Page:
Three Steps to Take if Your Technology Goes Down

July 12, 2011

When your EHR fails you, don't panic. Here's how to create the best possible 'downtime' plan.

Here are four words that no one likes to hear: "The system is down!"

They are usually followed by a string of four-letter words which, although temporarily cathartic, do very little to solve the problem.

To quickly define terms, a down system simply means that the software you rely on to manage your practice is not usable. This is particularly problematic for EHR practices that have successfully gone paperless. The EHR is amazingly convenient when it is working and amazingly inconvenient when it is not.

So what do you do?

Here are three foolproof steps to help you avoid panic when your system goes down:

Step one: identify the cause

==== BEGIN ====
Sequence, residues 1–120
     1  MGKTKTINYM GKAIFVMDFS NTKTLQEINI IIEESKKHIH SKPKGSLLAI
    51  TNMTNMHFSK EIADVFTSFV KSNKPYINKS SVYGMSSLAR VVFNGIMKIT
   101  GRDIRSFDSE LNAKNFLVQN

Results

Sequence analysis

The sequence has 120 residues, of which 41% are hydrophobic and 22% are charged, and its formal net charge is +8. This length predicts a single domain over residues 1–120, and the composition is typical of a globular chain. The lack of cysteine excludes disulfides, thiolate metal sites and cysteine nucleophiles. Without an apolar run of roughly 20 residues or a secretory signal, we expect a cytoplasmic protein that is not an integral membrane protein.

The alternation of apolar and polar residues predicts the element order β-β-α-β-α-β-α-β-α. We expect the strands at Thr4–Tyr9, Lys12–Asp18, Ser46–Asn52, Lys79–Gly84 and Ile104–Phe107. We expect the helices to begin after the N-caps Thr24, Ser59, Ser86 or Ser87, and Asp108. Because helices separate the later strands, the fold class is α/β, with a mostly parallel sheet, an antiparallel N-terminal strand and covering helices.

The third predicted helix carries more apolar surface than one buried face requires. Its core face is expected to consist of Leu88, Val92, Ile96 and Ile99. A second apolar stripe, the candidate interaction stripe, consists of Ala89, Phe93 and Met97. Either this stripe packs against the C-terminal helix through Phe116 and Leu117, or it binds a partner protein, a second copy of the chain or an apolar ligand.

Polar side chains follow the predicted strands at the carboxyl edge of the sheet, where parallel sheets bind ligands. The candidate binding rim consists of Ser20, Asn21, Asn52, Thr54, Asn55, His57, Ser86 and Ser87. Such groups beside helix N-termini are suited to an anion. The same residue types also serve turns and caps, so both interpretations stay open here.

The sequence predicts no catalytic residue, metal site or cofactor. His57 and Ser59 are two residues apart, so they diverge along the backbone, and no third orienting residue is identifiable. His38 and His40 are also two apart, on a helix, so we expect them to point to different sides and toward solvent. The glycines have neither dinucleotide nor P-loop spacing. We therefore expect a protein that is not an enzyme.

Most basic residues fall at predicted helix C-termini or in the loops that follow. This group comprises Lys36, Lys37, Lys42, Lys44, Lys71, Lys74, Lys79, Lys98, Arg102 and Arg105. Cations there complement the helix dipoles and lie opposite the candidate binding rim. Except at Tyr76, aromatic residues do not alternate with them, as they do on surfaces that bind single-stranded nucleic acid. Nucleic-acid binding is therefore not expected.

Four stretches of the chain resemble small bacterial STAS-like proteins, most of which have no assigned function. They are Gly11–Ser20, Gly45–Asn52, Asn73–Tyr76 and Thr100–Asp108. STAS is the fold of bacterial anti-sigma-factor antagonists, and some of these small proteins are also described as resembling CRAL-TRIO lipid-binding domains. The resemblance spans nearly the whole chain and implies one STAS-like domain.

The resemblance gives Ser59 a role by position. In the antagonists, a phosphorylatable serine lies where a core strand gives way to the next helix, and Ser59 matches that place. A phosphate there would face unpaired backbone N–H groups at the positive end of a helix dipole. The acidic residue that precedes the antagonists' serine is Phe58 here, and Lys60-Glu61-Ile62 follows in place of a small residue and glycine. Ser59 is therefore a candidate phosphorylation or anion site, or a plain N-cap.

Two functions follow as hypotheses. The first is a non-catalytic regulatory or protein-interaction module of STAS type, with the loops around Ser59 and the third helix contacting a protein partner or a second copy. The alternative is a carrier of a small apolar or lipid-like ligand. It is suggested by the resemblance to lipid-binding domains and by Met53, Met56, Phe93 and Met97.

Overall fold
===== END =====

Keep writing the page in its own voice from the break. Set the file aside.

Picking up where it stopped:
The basic idea of step one is to isolate the problem enough so that you can go to Step two of the repair process.

A down system may be a function of hardware, software, the network, Internet access, or power loss. Who you call to get help is dependent on the causal factor. Your EHR vendor won't be able to help you if you are down because of an Internet issue.

For hardware, network, and software issues, you are probably not going to be able to identify the precise cause - but you should be able to narrow things down a bit with some quick and not-too-technical investigative work.

For instance, if you have your EHR installed on a server that is also supporting other office functions (e.g., e-mail) and you can use those functions but you can't log on to the EHR, you probably have an EHR software issue (as opposed to a server-based hardware issue).

If you are using a Web-based EHR, and all Web functions (including basic Web access) go dead, you have an ISP (Internet service provider) problem - not an EHR issue.

Step two: start the repair process